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Character flaws: The seven chief features of ego - Personality & Spirituality

Character flaws: The seven chief features of ego - Personality & Spirituality
Untitled, by Jean-Michel Basquiat (1984) Every one of us has a fundamental flaw, an immaturity of character, a dark side or negative tendency. This character flaw, also known as a ‘Chief Feature’, tends to take control whenever we feel stressed, anxious or uncertain. What is a Chief Feature? Generally speaking, all personality traits (or overleaves) are neutral. A chief feature [1] is different. A chief feature is a dominant negative attitude — a defensive and potentially destructive pattern of thinking, feeling and acting. We all have at least one. Your chief feature is your primary ego defence and your main stumbling block in life. This article describes how the chief feature comes to have such a stranglehold on our personality. The seven chief features In the Michael teachings there are seven types of chief feature (character flaw / constraint / personal defect / stumbling block, whatever you prefer). Here they are listed from the most introverted to the most extroverted: Persona Shadow

Metaperceptions: How Do You See Yourself? Konstantin Sutyagin/Shutterstock I gave a toast at my best friend's wedding last summer, a speech I carefully crafted and practiced delivering. And it went well: The bride and groom beamed; the guests paid attention and reacted in the right spots; a waiter gave me a thumbs-up. I was relieved and pleased with myself. While many profess not to care what others think, we are, in the end, creatures who want and need to fit into a social universe. The ability to intuit how people see us is what enables us to authentically connect to others and to reap the deep satisfaction that comes with those ties. The bottom line: It comes down to what you think about yourself Your ideas about what others think of you hinge on your self-concept—your own beliefs about who you are. Our self-concept is fundamentally shaped by one person in particular: Mama. As an infant scans his mother's face he absorbs clues to who he is; as adults we continue to search for our reflections in others' eyes. Context is key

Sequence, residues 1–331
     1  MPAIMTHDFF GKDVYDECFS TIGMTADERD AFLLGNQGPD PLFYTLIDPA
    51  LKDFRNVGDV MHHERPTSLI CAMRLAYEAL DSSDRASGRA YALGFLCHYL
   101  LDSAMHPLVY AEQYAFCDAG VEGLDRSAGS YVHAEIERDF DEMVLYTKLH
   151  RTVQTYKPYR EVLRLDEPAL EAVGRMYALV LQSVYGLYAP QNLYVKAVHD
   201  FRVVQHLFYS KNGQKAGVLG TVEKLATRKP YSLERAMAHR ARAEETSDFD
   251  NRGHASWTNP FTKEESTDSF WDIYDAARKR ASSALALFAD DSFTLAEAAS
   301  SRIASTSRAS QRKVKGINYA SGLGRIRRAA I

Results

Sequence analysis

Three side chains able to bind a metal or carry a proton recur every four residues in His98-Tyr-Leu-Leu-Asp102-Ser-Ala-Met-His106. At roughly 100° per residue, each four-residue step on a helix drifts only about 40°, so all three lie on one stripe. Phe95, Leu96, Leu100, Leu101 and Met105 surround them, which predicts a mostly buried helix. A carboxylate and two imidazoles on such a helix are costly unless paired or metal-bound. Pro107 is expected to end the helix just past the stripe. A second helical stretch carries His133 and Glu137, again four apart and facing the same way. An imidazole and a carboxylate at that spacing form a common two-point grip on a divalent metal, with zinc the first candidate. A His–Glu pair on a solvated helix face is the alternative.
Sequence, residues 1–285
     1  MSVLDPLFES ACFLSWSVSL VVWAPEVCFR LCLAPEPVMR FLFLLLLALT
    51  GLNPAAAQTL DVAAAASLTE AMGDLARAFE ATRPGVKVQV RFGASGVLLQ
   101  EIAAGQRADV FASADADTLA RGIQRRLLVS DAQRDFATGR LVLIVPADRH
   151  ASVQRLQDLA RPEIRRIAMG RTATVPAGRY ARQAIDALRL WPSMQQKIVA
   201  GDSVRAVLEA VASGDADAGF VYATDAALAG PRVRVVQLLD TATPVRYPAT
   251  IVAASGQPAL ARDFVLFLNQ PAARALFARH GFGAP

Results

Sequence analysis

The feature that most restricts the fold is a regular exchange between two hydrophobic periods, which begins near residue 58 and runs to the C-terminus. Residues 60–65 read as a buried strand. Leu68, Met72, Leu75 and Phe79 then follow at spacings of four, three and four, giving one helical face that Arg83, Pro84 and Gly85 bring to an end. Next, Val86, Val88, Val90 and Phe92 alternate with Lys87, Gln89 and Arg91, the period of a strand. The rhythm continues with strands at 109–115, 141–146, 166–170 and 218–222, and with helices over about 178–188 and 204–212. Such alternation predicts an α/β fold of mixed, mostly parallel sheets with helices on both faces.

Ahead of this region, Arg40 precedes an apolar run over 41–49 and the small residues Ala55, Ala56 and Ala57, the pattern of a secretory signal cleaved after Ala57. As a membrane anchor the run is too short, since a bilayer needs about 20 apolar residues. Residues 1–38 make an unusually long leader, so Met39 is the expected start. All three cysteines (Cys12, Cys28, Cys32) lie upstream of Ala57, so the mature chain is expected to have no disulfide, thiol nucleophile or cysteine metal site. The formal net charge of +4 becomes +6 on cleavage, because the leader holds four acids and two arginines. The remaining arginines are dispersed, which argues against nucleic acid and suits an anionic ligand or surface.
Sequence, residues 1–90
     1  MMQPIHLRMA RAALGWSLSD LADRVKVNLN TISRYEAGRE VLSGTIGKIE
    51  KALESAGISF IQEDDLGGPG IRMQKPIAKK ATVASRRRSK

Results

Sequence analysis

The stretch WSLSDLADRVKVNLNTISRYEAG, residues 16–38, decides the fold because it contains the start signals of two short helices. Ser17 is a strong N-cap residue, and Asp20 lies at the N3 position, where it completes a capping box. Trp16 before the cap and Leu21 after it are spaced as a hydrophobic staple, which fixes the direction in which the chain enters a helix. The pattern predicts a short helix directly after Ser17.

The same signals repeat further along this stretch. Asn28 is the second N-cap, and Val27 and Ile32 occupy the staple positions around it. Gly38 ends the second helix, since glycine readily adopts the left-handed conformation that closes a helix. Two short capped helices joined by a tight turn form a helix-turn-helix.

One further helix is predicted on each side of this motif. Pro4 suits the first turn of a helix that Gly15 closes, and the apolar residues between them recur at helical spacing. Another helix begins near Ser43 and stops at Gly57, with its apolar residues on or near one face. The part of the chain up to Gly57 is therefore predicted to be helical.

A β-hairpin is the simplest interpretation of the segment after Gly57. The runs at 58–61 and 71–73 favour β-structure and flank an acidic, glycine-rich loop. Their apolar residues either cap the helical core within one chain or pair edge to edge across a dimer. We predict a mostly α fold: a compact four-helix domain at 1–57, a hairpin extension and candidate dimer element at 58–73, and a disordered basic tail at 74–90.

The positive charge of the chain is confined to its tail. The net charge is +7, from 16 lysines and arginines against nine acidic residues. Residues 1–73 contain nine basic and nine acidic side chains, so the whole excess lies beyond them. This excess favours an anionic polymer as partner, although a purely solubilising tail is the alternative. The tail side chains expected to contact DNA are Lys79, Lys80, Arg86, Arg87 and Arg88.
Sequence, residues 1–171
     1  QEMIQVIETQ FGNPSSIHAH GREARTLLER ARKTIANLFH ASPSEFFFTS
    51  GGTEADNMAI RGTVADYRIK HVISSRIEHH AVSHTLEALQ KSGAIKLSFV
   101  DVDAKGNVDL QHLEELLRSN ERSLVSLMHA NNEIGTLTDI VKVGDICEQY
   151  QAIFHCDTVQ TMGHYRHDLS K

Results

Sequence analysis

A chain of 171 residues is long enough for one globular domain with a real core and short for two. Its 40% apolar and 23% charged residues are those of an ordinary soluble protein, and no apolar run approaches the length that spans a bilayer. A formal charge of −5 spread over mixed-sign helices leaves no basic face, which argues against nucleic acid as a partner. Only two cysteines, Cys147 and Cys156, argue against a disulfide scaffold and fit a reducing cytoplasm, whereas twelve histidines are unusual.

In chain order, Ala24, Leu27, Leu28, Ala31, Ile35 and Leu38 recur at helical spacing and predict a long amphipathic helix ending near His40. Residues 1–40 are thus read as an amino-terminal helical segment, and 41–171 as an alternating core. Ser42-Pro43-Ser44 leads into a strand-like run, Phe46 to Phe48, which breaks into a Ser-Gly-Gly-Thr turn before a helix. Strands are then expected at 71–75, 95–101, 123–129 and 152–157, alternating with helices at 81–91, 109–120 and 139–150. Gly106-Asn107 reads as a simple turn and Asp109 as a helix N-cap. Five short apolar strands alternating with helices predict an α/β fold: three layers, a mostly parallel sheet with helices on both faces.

Scientist studies emotion in psychology, art and acting to help autistics Stanford Report, March 25, 2010 Stanford researcher David Wilkins is comparing how artists, actors and psychologists know facial emotions. He hopes to use his findings to help individuals with autism, who often are very poor at recognizing facial emotions. By Christine Blackman When actors such as Katharine Hepburn express facial emotions, 'they capture something that we find significant and that captivates us,' researcher David Wilkins said. Sometimes our deepest emotions are written all over our faces. Stanford researcher David Wilkins is studying how people can be trained to better recognize facial emotions. His findings will be integrated in an interactive learning environment to train people with autism to better recognize facial emotions. Wilkins, a lecturer in Stanford's Symbolic Systems Program, is focusing on the seven universal emotions: happiness, sadness, anger, surprise, fear, disgust and contempt. Facing the facts Good actors subtly and accurately portray authentic emotions.